26 January, 2020 § Leave a comment
A friend of mine was chuffed to get a guernsey in a UK writing mag. He had an article published about playing to your strengths.
Now, Greg provides great advice from his own experience and you can definitely benefit from that.
But think about the achievement of having an article you wrote being published on a broader stage and subtly promoting your writing and books.
Clever man, our Greg.
Always have a purpose in what you do, while writing for your audience.
Go read his article.
Work out what you can take away from it.
Note the strategy and emulate it when the time is right.
11 January, 2020 § Leave a comment
Writing challenges are terrific to spark your productivity and focus. It doesn’t matter what kind of challenge – just focused action with butt in chair doingness.
If you want to get the best out of any challenge, here are two key things you need to do.
Schedule the time
That’s right. Drag out your trusty diary – digital or paper – and plug in the times to be allocated to this challenge. Then stick to it! Some challenges will have specific times allocated where everyone in the challenge gets on a call or skype in or whatever.
Check the times and dates, double check any time-zone calculations if needed, and mark those times out in your diary. They are non-negotiable appointments with yourself.
Here’s a tip – sync all your diaries so you don’t miss the time!
Set up a reminder to alert you ahead of time to get ready. You know, grab your coffee, get your papers together, kick start the computer, sharpen the pencil, grab the sign-in details and chocolate (always chocolate).
Decide on your priorities
It helps to know ahead of time what you’ll use this time for.Obviously if you sign up for a 30 day squat challenge, you know exactly what you’ll be doing. But in writing, we have so many choices 🙂 Will you work on your book, your book front matter, your back matter, your author platform pieces, your quarterly planning schedule …?
As soon as you sign up for the challenge, write down what prompted you to do so. Usually, there is something in the back of your mind, prompting you to join, that said ‘this will help me to …’. That. Write that down. And if you can’t remember, write down a shopping list of the things you need to be getting on with. Then pick which is most important and can be progressed in the time frame you’ve got. Notice I didn’t say completed. It’s about moving forward. If you can complete something, all the better. But don’t overly stress yourself.
Know what you are going to work on before you start the challenge.
30 Writing Challenge Activity Ideas
Here’s a grab-bag of activities and tasks that might inspire you to get underway or done during a challenge.
- write a chapter in your book
- brainstorm chapter titles and choose the best ones
- mock up an idea of your cover design before getting it done professionally
- review your book notes and refine any ideas
- create a book plan if you don’t have one
- outline your blurb
- draft your book’s premise
- set up your front matter eg dedication, acknowledgement, disclaimer etc
- sketch out your characters – protagonist, antagonist, others
- make notes about your setting to stay consistent
- list a set of questions your non-fiction book will answer for the reader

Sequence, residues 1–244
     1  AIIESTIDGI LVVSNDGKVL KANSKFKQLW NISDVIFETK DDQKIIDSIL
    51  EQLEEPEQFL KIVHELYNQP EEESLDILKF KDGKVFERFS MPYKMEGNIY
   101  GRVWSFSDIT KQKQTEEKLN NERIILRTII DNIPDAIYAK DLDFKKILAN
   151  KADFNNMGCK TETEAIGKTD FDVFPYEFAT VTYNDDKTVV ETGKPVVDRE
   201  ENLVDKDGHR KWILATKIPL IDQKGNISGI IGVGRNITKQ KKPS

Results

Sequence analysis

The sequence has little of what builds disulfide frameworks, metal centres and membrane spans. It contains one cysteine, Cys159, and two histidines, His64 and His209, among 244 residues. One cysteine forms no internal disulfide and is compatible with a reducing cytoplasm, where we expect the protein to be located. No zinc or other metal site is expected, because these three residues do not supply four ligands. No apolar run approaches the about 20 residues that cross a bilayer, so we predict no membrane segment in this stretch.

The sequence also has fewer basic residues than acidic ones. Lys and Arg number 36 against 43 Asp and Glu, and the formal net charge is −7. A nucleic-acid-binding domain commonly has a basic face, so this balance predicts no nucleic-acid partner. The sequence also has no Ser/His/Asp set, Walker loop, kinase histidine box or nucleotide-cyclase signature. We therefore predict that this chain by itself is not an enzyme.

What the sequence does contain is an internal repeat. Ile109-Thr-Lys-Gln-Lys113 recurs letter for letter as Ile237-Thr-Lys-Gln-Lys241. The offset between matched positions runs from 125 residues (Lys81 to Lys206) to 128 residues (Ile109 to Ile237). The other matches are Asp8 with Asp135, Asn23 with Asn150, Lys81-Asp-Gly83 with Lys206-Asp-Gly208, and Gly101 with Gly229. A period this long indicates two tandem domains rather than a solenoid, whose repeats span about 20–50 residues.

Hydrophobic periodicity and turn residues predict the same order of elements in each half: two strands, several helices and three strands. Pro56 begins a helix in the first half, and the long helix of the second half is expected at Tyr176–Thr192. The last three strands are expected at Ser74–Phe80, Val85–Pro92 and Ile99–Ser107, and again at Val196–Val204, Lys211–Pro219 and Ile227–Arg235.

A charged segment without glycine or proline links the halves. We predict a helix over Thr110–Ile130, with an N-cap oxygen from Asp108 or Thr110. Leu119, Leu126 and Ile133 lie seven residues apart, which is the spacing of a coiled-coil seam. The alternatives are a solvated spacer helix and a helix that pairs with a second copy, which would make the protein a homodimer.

- prepare a speech you plan to give eg at a local library book launch
- write up a blog post or ideas for a series of blog posts
- write an essay or an article for publication
- create a series of social media posts
- prepare a publishing calendar including social media, blog, newsletter
- think up some swag ideas to sell on Etsy then create them
- put together a timeline to finish and publish your book
- write a set of course notes and materials
- draft a description and keywords for your Amazon listing
- compile a book bible including mock cover, and all elements (setting, characters, chapters, messages)
- prepare a set of questions you’d want to answer in an interview about your book
- create a freebie lead magnet, giveaway, reader/subscriber gift – journal, planner, checklist, quiz, workbook, recipes, extra stories about characters – be imaginative
- write a prequel to your book series
- generate ideas for a pen name and decide on one
- set up digital spaces for your author platform eg website, facebook, etc
- draft and finalise your author bio
- check your online branding is consistent across platforms
- prepare for your book-signing event (include extra pens)
- create a calendar of events/activities for the year
Note that a writing challenge doesn’t have to be about the act of writing. It can be, but if you are also a self-publisher then there are lots of moving parts to distribute and market your books. In that case, there are even more activities you could take action on.
Ideally, you are set up with a plan and are working towards an end goal. If not, then any activity that enhances what you are doing is good. Better is when you select tasks to tie on with your overarching plan. That’s why you need to set your priorities before heading in to a challenge. Work hard on the right things.
Of course, you don’t need a collective writing challenge: do a challenge on your own. Set a specific day and timeframe, say Thursday from 1-3pm. Mark that in your diary. Decide what exactly you will work on, say drafting a table of contents. Note that in your diary too. Decide where you’ll do it and get everything ready before your time starts so you can hit the ground running. Get into the routine of doing a self-challenge a week and you can make progress faster on things that matter.
I challenge you to join a challenge or set your own. DO it now. Your future writing productivity will thank you for it.